@ 14 and 18, it just get to the point where I feel like it’s not even worth keeping Countdown in mind any more.

The Jellyfish craft is a good example; in Countdown it’s brought to Vulcan by LaForge, who is said to have personally designed and built the thing, and is generously lending it to the Vulcans. At the time, this *sounded* awesome, but in the movie we have Spock saying something like “WE readied OUR fastest ship”, the computer states that it was commissioned for the Vulcans, and to top it all off, the cockpit even looks exactly like the IDIC symbol. No “LaForge” reference via the dialogue or an Okudagram, no Burton cameo, or even any non-Vulcan engineers, for that matter.

It just seems like an attempt to shoehorn the Next Generation stuff in without any foundation laid in the movie itself. Ditto for the Narada’s nonexistant Borg hypertech, the casual resurrection of Data, and the Spock/Nero backstory that isn’t even hinted at in the film.

I suppose one *can* keep the events of Countdown in mind, just as one *can* accept the old D.C. comics that backpedaled the storyline for the opening of Star Trek IV, but it’s such a stretch that it just doesn’t seem worth the effort.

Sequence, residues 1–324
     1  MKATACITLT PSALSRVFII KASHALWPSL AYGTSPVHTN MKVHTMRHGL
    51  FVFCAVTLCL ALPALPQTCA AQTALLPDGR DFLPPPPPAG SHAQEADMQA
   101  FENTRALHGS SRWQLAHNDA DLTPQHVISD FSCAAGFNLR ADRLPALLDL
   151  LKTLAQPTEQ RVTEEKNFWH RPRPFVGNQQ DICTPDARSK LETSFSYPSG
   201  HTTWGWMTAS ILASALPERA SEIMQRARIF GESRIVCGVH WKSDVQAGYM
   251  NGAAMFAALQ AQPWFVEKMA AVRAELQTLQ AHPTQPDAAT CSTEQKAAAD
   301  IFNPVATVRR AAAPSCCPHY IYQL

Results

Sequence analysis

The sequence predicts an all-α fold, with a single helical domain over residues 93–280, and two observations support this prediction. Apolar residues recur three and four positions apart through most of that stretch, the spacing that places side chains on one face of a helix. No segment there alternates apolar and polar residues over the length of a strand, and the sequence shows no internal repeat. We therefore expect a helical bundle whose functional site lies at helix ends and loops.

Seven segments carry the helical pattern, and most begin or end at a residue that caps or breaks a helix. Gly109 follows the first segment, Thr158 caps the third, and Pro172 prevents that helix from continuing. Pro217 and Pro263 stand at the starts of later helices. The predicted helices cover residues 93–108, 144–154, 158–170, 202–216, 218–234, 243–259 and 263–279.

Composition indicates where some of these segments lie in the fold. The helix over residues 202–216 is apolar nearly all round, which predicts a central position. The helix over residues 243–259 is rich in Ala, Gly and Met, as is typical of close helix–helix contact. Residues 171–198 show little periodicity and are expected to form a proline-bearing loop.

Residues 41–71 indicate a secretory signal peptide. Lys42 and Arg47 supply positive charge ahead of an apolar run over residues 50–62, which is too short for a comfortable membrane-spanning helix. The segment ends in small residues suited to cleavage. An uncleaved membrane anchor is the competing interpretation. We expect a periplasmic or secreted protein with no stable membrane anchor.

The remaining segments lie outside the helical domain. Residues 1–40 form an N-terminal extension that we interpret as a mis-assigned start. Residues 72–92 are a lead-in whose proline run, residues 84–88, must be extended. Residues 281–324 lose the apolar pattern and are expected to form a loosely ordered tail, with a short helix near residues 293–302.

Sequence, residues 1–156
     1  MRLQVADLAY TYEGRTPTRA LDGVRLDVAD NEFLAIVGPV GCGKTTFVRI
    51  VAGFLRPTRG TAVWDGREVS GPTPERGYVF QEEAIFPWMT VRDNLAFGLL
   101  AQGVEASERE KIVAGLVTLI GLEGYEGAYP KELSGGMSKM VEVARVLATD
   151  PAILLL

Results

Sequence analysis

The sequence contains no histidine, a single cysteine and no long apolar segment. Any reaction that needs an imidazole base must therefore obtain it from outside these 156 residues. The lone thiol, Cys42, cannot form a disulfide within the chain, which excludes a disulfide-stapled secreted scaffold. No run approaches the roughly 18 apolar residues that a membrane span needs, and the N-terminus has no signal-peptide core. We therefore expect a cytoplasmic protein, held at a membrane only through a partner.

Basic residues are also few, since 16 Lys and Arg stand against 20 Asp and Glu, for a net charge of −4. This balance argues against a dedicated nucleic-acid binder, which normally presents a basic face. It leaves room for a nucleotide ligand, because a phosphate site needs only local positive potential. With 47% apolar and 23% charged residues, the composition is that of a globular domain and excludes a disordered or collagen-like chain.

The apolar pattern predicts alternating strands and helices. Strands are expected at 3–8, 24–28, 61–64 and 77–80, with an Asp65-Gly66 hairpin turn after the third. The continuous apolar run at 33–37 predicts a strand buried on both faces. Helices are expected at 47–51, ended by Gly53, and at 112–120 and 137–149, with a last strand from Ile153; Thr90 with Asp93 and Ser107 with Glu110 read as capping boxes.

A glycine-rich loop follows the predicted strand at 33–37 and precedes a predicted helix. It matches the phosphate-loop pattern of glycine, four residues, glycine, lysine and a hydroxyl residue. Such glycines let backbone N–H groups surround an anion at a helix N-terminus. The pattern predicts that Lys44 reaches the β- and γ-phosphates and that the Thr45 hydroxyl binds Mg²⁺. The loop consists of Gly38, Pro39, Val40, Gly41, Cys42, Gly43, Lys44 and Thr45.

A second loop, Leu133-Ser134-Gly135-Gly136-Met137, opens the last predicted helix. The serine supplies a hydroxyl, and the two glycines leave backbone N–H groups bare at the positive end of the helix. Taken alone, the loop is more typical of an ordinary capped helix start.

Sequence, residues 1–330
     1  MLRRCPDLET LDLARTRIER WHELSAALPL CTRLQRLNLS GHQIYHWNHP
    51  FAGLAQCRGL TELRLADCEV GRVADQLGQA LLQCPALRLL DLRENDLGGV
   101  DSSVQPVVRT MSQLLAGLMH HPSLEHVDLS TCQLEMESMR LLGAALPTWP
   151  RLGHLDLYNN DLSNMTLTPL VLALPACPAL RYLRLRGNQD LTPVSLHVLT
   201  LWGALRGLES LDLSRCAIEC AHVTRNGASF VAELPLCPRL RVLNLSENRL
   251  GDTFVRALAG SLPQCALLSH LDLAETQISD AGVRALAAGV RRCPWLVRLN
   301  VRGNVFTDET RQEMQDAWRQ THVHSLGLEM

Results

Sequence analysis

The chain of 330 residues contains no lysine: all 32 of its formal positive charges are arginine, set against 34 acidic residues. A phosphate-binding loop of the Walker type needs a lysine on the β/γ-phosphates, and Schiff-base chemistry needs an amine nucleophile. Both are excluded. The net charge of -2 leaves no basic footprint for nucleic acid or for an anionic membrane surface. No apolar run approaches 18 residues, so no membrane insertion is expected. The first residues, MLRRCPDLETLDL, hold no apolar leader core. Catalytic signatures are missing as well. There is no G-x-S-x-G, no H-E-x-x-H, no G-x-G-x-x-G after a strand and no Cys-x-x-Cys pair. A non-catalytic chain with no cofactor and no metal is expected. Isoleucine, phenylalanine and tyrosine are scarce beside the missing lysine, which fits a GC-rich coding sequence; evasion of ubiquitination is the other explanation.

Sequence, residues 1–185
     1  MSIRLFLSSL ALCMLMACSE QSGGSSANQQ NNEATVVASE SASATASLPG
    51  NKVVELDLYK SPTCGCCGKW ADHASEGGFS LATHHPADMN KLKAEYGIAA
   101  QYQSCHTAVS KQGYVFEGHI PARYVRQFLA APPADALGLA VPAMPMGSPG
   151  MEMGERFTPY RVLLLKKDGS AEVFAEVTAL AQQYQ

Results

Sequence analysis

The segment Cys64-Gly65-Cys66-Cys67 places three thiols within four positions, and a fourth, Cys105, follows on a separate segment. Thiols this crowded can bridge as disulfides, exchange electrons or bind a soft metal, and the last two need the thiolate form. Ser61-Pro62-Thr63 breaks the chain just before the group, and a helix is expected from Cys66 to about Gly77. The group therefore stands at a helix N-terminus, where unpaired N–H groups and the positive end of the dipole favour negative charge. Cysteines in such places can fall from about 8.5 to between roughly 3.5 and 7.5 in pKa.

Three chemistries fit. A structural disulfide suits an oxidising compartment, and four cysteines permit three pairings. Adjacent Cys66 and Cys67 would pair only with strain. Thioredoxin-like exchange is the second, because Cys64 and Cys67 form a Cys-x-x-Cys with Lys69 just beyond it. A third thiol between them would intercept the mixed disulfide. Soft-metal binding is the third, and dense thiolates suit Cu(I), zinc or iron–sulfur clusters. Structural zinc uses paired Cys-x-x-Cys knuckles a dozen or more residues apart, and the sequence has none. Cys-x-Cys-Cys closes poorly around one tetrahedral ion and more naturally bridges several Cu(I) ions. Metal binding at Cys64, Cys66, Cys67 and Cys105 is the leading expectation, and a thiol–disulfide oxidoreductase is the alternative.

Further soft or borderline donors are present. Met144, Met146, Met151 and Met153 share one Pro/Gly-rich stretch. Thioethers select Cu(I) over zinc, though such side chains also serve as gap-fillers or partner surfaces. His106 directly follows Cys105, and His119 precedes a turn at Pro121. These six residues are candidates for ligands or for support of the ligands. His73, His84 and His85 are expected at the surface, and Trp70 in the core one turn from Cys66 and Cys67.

Hey! The last time we saw Rura Penthe, it was when Jonathan Archer was imprisoned there with his Klingon lawyer, for humiliating one Cpt. Duras and giving Archer a proper defense, respectively.

His escape is one of the things that starts the Klingon Empire and Earth on the path to war.

Anyone have a link to download this?

I go to my local comic shop after work last night to pick up my retailer’s exclusive cover and the regular one …. they had one regular one left and it had been read and pawed through, all the pages had greasy fingerprints all over them (people are such pigs) .. got my retailer’s exclusive cover tho … gonna have to hit up some other shops to scoop the reg cover .. I find it hard to believe they sold so many of the new issue when they STILL had tons of Nero #1 from the day they got them

Anyone remember the respect the team behind Batman Begins showed to fans by including the little comic book, which had the various origin story tales, inside the 2-disc DVD case? No extra cost. Just respect.

Those were the days.

So, what about this Clavell guy in the comic? Is he from some previous Trek incarnation?